Frontline Cancer: A one-size-fits-all strategy doesn’t work fighting cancer
Almost two years ago in his 2016 State of the Union address, President Obama launched the U.S. Cancer Moonshot initiative, a bold, ambitious set of goals to fight cancer, including achieving a decade’s worth measurable, significant progress in half the time.
Almost half a century earlier, another president — Richard Nixon — famously declared “war on cancer,” also during a State of the Union address. The resulting National Cancer Act of 1971 provided new emphasis and funding to defeat cancer, but it’s hard to say who is winning.
In 2017, there will be an estimated 1.6 million new cancer cases and more than 600,000 cancer deaths, according to the American Cancer Society. In 22 states, including California, cancer has surpassed heart disease as the leading cause of death. Just 17 years ago, that fact was true in only two states (Alaska and Minnesota). In the 1950s, more than two-and-a-half times more people died of heart disease than cancer.
Following form this year, Congress passed the 21st Century Cures Act, 11 months after President Obama’s call to action, allocating almost $2 billion in funding for cancer research, treatment and prevention.
Funding is crucial, of course, but perhaps more important is the question of how that money will be spent? How will the aspirations of the Moonshot initiative translate into real-world progress, in lives saved and cancers prevented.
Recently, the Lancet Oncology commission, a product of the venerable British medical journal The Lancet (founded in 1823), issued a major report on what must happen next. In a nutshell, the commission declared that what happens next must be different than what has happened before.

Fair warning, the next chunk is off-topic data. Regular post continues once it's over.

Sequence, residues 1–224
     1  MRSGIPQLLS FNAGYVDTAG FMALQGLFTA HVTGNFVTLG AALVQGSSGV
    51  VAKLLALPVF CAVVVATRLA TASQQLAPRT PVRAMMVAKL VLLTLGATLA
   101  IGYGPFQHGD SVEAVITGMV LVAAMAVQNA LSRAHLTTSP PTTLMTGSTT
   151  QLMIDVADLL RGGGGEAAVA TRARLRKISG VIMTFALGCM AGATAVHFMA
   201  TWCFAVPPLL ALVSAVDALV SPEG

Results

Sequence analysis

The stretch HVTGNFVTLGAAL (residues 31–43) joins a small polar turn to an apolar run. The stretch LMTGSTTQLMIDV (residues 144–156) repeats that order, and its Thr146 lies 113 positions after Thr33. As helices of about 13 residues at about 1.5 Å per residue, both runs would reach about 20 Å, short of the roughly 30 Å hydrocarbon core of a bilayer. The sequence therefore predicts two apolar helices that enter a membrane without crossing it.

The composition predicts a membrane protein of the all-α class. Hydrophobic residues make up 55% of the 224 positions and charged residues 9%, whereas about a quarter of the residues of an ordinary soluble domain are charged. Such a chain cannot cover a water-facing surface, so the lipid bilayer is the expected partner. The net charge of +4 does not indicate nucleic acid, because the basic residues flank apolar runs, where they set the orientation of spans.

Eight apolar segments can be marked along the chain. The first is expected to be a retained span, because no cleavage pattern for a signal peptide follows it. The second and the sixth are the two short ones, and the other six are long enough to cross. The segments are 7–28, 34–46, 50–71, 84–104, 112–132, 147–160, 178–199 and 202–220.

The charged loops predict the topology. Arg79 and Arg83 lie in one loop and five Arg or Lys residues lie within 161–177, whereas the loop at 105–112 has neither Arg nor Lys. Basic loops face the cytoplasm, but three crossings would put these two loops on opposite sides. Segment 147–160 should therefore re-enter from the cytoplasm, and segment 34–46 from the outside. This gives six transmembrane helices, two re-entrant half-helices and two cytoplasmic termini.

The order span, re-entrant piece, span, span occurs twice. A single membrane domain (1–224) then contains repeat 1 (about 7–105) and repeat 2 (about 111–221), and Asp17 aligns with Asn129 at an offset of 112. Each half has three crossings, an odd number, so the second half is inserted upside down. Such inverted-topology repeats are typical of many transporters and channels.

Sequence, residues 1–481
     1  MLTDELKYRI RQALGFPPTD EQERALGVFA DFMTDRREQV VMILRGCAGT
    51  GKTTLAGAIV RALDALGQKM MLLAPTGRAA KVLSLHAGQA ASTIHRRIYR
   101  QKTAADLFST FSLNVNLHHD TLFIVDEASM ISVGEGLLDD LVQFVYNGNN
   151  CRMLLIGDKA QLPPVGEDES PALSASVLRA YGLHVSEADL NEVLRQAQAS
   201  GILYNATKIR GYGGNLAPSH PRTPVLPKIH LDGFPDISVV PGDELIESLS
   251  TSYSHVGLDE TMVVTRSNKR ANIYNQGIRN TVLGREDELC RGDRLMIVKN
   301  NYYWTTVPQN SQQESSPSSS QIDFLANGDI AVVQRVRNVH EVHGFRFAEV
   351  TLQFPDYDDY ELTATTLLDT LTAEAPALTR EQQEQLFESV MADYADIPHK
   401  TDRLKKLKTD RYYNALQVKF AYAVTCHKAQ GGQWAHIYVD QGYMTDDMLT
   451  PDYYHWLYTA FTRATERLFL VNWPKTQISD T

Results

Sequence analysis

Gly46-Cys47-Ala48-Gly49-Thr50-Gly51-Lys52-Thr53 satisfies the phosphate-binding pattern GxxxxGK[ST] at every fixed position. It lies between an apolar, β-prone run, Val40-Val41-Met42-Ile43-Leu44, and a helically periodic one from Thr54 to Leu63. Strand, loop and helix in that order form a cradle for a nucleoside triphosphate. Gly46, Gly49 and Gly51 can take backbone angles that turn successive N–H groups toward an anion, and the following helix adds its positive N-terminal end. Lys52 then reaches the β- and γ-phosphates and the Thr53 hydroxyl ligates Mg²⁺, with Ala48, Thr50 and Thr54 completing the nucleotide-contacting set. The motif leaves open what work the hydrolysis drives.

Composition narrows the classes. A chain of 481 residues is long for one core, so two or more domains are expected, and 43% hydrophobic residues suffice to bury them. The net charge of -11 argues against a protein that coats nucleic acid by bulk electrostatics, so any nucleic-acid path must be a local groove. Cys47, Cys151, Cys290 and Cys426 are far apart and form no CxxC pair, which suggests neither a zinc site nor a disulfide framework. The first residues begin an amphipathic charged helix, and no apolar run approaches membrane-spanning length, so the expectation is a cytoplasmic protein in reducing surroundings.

I was one of the primary authors of the report, which featured input from dozens of the world’s brightest minds in cancer research and treatment. The full report is both expansive and remarkably detailed, providing a roadmap with directions and 13 priority areas related to, among other things, early detection, immunotherapy, imaging, surgery, drug access, disparities and prevention.
That last effort is a particular focus of mine. Only half of patients who develop cancer can be cured with existing therapies; the other half will die of their disease. It is far better and more efficacious to prevent cancer than to try to ameliorate its effects, let alone find a cure.
Past efforts to prevent cancer have been limited and sometimes hindered by serious and substantial disparities. For a disease (really diseases) as disparate as cancer, a one-size-fits-all strategy does not work. The treatments and drugs for lung cancer are not the same necessarily for cervical cancer. Nor are any two cases of the “same” cancer the same in different patients. That’s the premise of precision medicine and it should be for prevention efforts as well, such as screenings, which should be tailored by age, risk, demographics and other factors.
Colorectal screening rates, for example, are extremely low in Latinos, especially of poor income, but there are new programs that overcome language and social barriers to boost breadth and success. Obesity research is crucial given the growing global epidemic and promise of recent work in special energetics, sedentary behavior and meal timing. These strategies will have a great effect on minimizing morbidities and mortality from cancer in future generations.
Every element of the Lancet commission report is important and compelling. Patients, doctors, researchers and policy makers should read it carefully, take heed and take action. But I also note this: More than half of cancers are preventable.
Diet, nutrition, physical inactivity, chronic emotional stress, inadequate social support and obesity are all believed to be important contributors to increasing global cancer incidence. Our genes may predispose some of us to cancer, but they are not our fate. As individuals and as a society, we can reduce our cancer risk and burden by simply changing the way we live.
When enough people take these words to heart, cancer’s days will be numbered even as our own grow.
— Scott M. Lippman, M.D., is director of UC San Diego Moores Cancer Center. His column on medical advances from the front lines of cancer research and care appear monthly in La Jolla Light. You can reach Dr. Lippman by e-mail: firstname.lastname@example.org
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